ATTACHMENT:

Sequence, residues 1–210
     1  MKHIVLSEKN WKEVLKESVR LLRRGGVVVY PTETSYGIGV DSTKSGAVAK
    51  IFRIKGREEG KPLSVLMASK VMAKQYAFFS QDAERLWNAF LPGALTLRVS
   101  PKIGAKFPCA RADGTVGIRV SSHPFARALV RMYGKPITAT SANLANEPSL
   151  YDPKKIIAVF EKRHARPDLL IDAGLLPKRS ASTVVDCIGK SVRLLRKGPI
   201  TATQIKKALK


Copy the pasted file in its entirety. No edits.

Sequence, residues 1–210
     1  MKHIVLSEKN WKEVLKESVR LLRRGGVVVY PTETSYGIGV DSTKSGAVAK
    51  IFRIKGREEG KPLSVLMASK VMAKQYAFFS QDAERLWNAF LPGALTLRVS
   101  PKIGAKFPCA RADGTVGIRV SSHPFARALV RMYGKPITAT SANLANEPSL
   151  YDPKKIIAVF EKRHARPDLL IDAGLLPKRS ASTVVDCIGK SVRLLRKGPI
   201  TATQIKKALK